Not many people are as successful as entrepreneur Philippe Dro: he is one of the very few serial Biotech entrepreneurs in Europe. He is a founder or early backer of three Biotech or Medtech companies that have since been acquired by big Pharma, all in less just 15 years! I had a nice chat with Dro to review his experience and analyse it for you.
This summer, Philippe Dro was appointed as CEO of Switzerland-based NeMoDevices, a developer of an innovative monitor of brain blood flow and oxygen levels. That’s how I discovered his name and became interested in his impressive career.
As he puts it, “I’m an old dinosaur,” for having been around for so long.
Dro is a pharmacist with an MBA. After starting his career in R&D and operations, he then worked in finance at Novartis, before joining a Swiss entrepreneur, Jacques Gonella, who founded a drug delivery company, JAGO. The company was later sold to SkyePharma for nearly £400M “approximately 250 years ago“, he joked.
Dro went on to rack up more such achievements. In 2000, he joined Axovan as CFO and sold it for $190M to Actelion in 2003. In 2004, he joined a struggling company, EndoArt, to set it back on its feet and sold it to Allergan for $97M in 2007. Finally, he joined Zurich-based GlycoVaxyn in 2008 and oversaw its exit to GSK for $190M in 2015.
What were your lessons over these three ventures?
You need a lot of energy and resilience to build and bring a startup to an exit. I’m not yet tired now and building companies is what I love to do. It’s my passion to bring impactful technologies and products to the market and improve the life of people. Very few industries worldwide can claim such a high positive impact made by so few brilliant people. Look at GlycoVaxyn: the technology was from the ETH in Zurich and the vaccines in development may protect the lives of millions of people. It’s so great!
You told me, you always join the companies as a founder or invest your own money. Why is that?
I guess it’s an ethical reason. I believe that investing your own money and own time makes you more committed to the mission of the company. It’s also a very strong sign towards the team especially when things are getting difficult. I don’t consider myself as a ‘mercenary’ who just steps into a company to manage it but really wants to build something and having a strong interest to do so. This is what I’m currently doing at NeMoDevices where the team is outstanding and the technology has a huge potential.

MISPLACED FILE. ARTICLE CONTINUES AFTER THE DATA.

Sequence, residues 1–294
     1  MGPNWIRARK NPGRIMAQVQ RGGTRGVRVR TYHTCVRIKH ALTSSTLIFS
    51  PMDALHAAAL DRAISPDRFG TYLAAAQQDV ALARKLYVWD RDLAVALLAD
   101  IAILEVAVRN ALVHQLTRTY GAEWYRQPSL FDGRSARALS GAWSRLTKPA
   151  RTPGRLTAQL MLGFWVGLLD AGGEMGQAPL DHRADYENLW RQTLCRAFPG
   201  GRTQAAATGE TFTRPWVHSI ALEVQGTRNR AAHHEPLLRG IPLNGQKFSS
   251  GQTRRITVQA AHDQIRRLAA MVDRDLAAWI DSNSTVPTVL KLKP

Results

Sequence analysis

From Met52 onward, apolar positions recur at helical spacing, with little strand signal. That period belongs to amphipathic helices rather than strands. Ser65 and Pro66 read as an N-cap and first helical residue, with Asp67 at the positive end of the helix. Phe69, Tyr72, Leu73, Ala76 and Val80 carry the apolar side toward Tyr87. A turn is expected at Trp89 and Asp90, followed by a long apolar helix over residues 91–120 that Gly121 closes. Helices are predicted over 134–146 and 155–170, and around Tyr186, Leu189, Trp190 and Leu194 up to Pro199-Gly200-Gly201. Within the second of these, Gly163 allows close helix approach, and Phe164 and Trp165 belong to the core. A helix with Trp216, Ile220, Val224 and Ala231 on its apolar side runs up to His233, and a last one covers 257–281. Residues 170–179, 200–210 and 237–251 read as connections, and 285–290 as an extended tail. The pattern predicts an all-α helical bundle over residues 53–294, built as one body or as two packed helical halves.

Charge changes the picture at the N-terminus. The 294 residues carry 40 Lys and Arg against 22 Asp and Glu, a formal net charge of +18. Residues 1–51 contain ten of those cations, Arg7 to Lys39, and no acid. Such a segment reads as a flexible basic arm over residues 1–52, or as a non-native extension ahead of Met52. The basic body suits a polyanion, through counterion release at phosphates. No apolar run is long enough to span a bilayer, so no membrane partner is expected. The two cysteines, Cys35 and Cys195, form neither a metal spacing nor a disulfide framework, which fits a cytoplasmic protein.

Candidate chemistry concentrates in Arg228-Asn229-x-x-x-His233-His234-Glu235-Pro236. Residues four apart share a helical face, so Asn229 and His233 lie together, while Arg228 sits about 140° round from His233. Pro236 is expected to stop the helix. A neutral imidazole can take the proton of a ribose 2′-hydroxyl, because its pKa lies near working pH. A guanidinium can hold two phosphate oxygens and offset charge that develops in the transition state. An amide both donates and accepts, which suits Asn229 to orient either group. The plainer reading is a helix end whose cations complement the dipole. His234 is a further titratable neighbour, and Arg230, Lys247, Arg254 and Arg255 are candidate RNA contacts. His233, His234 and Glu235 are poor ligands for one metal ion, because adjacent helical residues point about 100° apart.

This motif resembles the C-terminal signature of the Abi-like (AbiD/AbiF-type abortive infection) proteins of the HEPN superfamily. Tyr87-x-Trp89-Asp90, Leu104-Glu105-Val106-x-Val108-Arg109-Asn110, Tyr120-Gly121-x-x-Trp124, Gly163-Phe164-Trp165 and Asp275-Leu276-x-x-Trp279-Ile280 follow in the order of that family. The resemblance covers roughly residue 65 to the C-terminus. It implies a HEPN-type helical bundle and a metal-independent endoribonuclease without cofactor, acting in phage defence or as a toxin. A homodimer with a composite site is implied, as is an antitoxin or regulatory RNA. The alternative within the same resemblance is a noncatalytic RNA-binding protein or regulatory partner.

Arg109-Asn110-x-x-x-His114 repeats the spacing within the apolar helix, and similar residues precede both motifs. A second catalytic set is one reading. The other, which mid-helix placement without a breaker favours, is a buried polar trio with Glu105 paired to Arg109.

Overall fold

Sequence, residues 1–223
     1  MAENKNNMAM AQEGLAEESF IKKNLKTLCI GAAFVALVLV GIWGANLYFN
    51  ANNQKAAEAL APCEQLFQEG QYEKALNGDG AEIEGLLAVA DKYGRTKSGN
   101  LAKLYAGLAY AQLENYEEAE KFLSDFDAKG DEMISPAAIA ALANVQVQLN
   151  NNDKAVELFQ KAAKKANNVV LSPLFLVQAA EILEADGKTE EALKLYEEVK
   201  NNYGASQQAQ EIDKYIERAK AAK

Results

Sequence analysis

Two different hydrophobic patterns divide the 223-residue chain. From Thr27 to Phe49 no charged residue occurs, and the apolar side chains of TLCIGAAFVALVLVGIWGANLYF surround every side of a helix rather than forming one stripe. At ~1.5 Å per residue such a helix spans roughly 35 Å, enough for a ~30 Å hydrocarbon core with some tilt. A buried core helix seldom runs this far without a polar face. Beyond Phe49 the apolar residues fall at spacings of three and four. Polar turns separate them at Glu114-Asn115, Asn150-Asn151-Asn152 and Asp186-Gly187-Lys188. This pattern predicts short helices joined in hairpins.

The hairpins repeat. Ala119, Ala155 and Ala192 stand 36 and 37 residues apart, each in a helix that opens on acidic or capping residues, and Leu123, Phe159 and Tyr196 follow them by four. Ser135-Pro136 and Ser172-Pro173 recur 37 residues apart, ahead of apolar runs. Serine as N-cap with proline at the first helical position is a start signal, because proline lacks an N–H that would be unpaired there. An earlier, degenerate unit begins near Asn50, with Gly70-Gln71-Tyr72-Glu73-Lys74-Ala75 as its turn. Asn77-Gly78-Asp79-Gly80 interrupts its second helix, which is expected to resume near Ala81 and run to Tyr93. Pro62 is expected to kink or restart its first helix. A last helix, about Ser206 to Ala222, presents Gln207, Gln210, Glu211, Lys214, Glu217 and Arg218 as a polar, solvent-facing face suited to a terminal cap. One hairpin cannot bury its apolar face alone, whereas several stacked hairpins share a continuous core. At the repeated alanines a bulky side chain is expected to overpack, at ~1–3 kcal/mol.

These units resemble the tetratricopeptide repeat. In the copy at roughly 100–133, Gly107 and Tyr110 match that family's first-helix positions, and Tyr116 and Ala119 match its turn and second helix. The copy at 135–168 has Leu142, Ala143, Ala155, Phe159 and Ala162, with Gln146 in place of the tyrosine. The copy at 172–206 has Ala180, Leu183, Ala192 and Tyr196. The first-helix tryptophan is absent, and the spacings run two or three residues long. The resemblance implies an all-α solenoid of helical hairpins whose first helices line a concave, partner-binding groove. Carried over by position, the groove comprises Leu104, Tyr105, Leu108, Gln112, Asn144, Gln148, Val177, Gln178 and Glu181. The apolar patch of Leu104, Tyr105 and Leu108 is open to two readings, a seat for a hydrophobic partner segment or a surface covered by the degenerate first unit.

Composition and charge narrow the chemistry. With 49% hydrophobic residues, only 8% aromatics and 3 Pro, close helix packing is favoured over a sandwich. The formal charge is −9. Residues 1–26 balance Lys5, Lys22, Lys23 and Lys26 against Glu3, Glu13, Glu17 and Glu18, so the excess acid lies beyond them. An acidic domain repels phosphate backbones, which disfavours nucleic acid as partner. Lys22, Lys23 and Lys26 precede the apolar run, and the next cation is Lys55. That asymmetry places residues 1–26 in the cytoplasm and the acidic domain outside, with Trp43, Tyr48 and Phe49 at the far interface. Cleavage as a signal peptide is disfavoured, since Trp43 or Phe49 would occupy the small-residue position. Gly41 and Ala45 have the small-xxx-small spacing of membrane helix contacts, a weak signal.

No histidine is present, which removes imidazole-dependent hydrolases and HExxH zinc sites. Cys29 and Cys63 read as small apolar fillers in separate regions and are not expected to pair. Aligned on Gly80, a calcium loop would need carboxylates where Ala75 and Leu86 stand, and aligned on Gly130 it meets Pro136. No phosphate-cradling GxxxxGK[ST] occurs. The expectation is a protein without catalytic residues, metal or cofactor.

What were your biggest mistakes?
You know, there was not a single day without an error or a setback. The only thing that matters is not to repeat the same mistake and learn from it. One of the biggest setbacks I had was about people: it’s absolutely vital to have the right person to execute well the plan and a wrong choice on that level can be fatal. Finding, recruiting and keeping the right people is the biggest challenge. It’s different for IP, clinical trials planning etc. where it is always possible to recover.
What do see coming in the next years?
Biotechnology has seen fabulous progress in the last years. Our understanding of the genome, the fundamental biological processes, and technologies like CRISPR probably will open up a totally new horizon. I just hope it will be used well.
From a business point of view, these new technologies are extremely challenging. They are still at early stages of development and you need a lot of time and money to develop them. This requires one to be well equipped financially in order to be able to hire the best talents and reach success. The US is definitely better equipped regarding cash, talents, and the ecosystem to run such companies, as illustrated by Moderna, Bluebird bio, Juno, Editas, Intellia, Kyte etc.
“CRISPR gene editing could open totally new horizon”, read more about it on our latest review
Talking about the US: you are one of the only serial biotech entrepreneurs here as there are dozens in the US. What’s your view on that?
In Europe, founding and developing successful Biotech companies is probably more difficult and once you’ve done it, you don’t necessary feel the urge to start it over again. It’s culturally different in the US where entrepreneurial behavior is more ‘normal’. I was very lucky to meet the right people to support and build up the right business cases.
I also think that Switzerland is one of the only European countries where it’s possible. The entrepreneurial culture is very developed, there is a lot of high talent available, the life science industry is mature and you had some of the biggest Biotech success stories here.
Actelion, the only European biotech company over 2000 employees, has contributed a lot to the ecosystem. The founders, early employees and the entrepreneurs (among them Sofinnova) have profited from the success and gave it back with experience and money. This helped a whole generation of Biotech companies succeed, including my own.
It was great talking to Philippe about his experiences. As an entrepreneur myself, I’m always inspired by the path of other entrepreneurs and Philippe is definitely the most successful serial biotech entrepreneur I know in Europe. Plus, he is extremely friendly and has a nice sense of humor.
P.S. Good news: you should be able to meet him at Labiotech Refresh in Paris on November 24th